If you need and want to lose weight, here are your very first steps:

1.  COMMIT   Decide to lose weight.  Chose an initial goal and make it doable and realistic.  One example would be 10 pounds in 3 months.  Remember that weight loss is a long, slow journey and 1 pound per week is a healthy target.  Fat loss goes slow!  Then when you reach your goal you can set a new goal for the next step of the journey.

2.  DECLARE  First write your goal down on a sticky note and put it on your bathroom mirror where you can see it every morning.  Then read it OUT LOUD.  Sounds silly, but speaking aloud activates different centers of the brain than silent thinking.  Tell close friends and family members about your weight loss goal.  Give them the opportunity to support you.  Also, you may well inspire others to start their own weight loss journey.  Health is contagious!

Over the next few weeks I’m going to continue to share other steps in the weight loss journey.

So here’s my declaration:  Two weeks ago I committed to losing ten pounds of fat over the next 90 days.  I have lost 1 pound so far and am very proud of my success!

QUESTION:  Do you have a weight loss goal?  Here’s your chance:  DECLARE it in the comments below and let us support you!


3 Reasons I Hate Vacations

Vacation.  Relaxation.  Downtime.  Family.

You guys who have been reading these blogs for awhile should know that I’m usually pretty positive.  For weeks before my recent vacation I was so excited!

AE10828We went to Charlotte NC and spent the weekend with family.





ridingWe spent two days in Gatlinburg TN and had a blast!





Me&MaryThen we went to Nashville TN for the Shaklee Global Conference and I got to connect with other businesspeople and re-energize.  Goal-setting, learning new skills, and just pure fun and pleasure.


However, vacation has its downside.  I have not been having a good week since I got back and I thought I’d tell you why.

BEFORE  So what happens when you’re planning to leave the office for a week?  You are VERY focused on getting all tasks done before leaving.  I stayed late in the office every day for a week before leaving, making sure all the labs were reviewed, documents filled out, messages returned, emails sent, etc.  It was very stressful and I remember wondering if vacation was worth all the extra work.

DURING  Even though I tremendously enjoyed my 9 days away, spending time with my kids and the rest of my family, in the back of my mind was all the work piling up at the office!  Isn’t that silly?  I found myself wondering how things were going at the office, whether my partners were getting overwhelmed and if my patients were having a hard time getting through to the staff and getting appointments.  (I knew for a fact they were going to have a hard time because two of the four of us were out of the office!)  I purposely tried to put all thoughts of work out of my mind but I kept circling back.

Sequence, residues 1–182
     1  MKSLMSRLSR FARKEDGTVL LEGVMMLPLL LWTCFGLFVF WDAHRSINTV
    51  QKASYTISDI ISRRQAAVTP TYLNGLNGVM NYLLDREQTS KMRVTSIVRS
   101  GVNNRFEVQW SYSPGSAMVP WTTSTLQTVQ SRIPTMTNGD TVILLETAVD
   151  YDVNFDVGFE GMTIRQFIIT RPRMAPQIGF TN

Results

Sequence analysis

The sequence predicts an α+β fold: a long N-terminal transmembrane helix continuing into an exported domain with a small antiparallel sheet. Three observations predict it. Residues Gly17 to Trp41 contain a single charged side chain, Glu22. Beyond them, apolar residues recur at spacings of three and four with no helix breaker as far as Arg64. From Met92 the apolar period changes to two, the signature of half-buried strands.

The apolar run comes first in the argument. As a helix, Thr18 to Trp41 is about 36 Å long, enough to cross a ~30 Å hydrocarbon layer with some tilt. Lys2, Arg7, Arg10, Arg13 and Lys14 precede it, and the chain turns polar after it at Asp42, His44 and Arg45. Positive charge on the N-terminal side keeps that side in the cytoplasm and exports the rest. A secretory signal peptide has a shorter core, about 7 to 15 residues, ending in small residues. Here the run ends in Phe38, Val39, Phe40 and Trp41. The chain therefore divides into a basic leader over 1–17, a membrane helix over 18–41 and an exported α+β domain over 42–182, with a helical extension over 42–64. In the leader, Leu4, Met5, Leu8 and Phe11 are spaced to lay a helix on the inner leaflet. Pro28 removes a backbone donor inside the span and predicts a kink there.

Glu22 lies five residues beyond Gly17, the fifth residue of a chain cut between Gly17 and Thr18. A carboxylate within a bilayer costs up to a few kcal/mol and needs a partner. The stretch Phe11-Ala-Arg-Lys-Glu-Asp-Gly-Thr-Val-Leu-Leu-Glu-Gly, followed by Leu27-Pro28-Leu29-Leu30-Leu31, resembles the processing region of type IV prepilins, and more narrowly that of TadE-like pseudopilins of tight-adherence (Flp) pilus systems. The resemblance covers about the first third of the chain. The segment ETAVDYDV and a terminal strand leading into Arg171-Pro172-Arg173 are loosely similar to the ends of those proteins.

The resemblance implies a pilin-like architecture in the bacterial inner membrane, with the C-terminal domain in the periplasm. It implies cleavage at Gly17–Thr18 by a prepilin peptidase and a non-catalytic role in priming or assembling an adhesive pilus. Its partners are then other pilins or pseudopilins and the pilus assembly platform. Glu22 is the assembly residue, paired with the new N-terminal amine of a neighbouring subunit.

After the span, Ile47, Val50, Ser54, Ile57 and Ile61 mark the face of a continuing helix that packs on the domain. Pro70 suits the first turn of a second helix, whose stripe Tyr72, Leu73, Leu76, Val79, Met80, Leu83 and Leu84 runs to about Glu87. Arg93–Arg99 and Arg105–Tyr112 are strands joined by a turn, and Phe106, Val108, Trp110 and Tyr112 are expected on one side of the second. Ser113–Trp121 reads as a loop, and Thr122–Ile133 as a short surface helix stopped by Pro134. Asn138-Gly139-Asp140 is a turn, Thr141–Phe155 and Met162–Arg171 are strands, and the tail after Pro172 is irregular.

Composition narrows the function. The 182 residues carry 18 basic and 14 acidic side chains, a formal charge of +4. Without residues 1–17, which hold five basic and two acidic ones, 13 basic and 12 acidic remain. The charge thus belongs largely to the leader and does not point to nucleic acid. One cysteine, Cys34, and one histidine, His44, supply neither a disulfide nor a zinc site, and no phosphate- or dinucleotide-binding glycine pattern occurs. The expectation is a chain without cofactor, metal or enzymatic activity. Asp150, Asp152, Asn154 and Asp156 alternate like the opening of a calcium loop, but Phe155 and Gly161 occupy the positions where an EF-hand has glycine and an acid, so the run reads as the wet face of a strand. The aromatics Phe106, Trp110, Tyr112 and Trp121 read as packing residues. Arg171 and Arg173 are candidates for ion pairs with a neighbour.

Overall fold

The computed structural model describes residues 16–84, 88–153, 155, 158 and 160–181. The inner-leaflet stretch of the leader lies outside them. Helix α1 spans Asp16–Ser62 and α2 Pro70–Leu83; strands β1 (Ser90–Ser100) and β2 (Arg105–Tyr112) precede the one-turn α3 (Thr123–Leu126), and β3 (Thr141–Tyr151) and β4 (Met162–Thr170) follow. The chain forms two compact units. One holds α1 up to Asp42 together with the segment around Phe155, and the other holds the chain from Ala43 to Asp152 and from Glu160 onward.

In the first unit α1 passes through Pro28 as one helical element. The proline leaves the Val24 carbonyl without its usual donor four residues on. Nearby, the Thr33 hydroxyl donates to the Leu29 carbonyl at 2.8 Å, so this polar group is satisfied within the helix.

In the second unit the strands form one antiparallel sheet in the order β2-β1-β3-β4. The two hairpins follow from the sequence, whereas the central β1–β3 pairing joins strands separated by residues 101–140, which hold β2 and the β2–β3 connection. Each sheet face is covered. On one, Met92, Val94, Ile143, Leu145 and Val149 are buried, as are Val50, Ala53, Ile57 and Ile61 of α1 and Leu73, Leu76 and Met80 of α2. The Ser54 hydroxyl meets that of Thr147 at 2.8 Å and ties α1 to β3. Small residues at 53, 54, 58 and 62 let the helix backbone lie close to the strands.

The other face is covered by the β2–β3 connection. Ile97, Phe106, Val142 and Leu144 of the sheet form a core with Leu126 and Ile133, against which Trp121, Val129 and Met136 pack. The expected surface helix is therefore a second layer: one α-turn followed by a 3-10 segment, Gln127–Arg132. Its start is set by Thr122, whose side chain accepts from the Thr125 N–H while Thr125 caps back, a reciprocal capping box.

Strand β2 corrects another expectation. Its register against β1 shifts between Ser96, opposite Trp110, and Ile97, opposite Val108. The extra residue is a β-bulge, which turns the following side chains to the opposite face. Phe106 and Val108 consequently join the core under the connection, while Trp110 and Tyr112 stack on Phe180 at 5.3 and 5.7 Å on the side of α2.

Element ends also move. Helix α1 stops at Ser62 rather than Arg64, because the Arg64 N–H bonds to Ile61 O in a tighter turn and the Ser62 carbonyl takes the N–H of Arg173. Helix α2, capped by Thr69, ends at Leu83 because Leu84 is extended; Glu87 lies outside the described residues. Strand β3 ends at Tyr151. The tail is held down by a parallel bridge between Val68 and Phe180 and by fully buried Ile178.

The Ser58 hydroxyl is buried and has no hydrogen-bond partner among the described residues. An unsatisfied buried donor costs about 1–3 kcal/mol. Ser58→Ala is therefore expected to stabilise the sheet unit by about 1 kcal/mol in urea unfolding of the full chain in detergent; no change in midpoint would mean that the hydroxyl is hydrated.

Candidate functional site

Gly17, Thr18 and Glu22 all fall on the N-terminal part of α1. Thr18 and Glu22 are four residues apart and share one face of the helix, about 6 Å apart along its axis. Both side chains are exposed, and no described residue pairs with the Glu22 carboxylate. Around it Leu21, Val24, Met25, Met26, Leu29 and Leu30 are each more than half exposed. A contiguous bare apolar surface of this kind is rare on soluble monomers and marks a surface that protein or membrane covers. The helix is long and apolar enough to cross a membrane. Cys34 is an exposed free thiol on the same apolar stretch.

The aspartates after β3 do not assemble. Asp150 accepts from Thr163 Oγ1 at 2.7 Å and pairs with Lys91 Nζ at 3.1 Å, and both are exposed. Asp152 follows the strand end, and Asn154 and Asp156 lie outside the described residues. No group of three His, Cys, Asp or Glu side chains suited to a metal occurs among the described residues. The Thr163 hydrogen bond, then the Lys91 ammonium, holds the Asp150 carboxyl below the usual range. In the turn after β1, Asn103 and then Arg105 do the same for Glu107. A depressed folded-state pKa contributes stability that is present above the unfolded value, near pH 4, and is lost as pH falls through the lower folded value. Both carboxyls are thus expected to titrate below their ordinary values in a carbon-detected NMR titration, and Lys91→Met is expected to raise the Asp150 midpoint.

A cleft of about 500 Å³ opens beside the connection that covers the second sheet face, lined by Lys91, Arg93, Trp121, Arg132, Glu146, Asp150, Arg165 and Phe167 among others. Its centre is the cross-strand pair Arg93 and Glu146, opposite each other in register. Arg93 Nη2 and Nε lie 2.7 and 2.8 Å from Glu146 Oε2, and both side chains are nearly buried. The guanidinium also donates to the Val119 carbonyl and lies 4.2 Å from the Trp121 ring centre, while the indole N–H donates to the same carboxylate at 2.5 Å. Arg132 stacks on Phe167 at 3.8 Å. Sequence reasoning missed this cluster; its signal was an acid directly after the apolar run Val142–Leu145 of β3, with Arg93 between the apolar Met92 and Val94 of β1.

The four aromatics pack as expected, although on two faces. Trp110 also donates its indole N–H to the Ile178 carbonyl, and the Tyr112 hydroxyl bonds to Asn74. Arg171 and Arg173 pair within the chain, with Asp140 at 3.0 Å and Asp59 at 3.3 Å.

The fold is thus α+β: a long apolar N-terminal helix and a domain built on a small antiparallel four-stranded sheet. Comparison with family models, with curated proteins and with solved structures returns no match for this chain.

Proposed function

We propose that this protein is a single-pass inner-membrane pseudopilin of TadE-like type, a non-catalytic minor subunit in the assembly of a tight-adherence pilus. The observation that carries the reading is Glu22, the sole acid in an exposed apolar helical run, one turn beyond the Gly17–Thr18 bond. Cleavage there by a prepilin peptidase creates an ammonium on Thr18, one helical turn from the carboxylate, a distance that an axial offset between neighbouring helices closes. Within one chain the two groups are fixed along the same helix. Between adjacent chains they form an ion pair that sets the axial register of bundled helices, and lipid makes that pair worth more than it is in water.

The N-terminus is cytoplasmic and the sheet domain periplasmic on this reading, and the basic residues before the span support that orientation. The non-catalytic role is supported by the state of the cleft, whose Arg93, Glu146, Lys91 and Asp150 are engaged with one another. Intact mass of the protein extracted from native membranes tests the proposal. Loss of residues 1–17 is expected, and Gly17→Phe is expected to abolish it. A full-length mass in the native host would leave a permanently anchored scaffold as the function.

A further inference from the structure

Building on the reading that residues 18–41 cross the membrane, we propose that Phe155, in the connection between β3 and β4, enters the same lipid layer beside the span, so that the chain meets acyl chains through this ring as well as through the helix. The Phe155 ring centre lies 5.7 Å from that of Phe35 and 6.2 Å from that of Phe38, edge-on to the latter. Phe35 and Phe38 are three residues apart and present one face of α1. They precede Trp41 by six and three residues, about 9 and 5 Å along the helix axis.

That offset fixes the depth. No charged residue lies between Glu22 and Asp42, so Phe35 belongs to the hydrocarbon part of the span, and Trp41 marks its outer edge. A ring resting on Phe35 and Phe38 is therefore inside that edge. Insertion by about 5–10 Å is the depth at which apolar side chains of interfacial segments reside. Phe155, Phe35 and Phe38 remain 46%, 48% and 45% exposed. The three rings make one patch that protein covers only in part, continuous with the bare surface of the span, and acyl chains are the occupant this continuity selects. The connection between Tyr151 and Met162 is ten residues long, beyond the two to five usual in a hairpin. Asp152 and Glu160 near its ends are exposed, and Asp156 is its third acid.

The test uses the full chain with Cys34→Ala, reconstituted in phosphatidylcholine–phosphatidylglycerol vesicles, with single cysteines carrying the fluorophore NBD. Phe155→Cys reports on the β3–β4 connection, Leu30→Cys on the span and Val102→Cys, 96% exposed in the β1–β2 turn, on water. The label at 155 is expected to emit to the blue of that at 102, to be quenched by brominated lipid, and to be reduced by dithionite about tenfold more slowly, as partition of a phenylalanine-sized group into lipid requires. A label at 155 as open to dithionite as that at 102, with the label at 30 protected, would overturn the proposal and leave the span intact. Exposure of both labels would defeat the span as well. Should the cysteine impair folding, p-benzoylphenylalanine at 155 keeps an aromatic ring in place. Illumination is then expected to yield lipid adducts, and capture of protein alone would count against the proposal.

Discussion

AFTER  As you can probably guess, this was the worst of all.  I had 11 nursing home admissions while I was gone.  I came back to a hospital census of 9 patients and it stayed at 8-10 the whole time I was on call.  The office was an absolute zoo.  Packed schedule, pages of labs and correspondence and messages and Xrays galore.  I have been buried all week and haven’t even had time to post on my Facebook business page!  As Russ will tell you, I am ADDICTED to Facebook.  Too busy for Facebook is WAYYYYY too busy :-p

Now it’s the weekend (FINALLY!) and I’m still digging out from under the mountain.  However, I think I’m starting to see the light at the end of the tunnel.  I’m catching up on my sleep and looking forward to a little downtime (and maybe even some exercise!) today.

Summertime__Beach_Umbrella_Sun_Clipart-1Even with all the frustration of getting back up to speed in the office, I’m glad we went.  We had a great time and I know it’s important to schedule time away.  I just wish it wasn’t so hard coming back!


Question:  What is your experience when you go on vacation?  Is it easy to get back to work or do you spend a week or two catching up?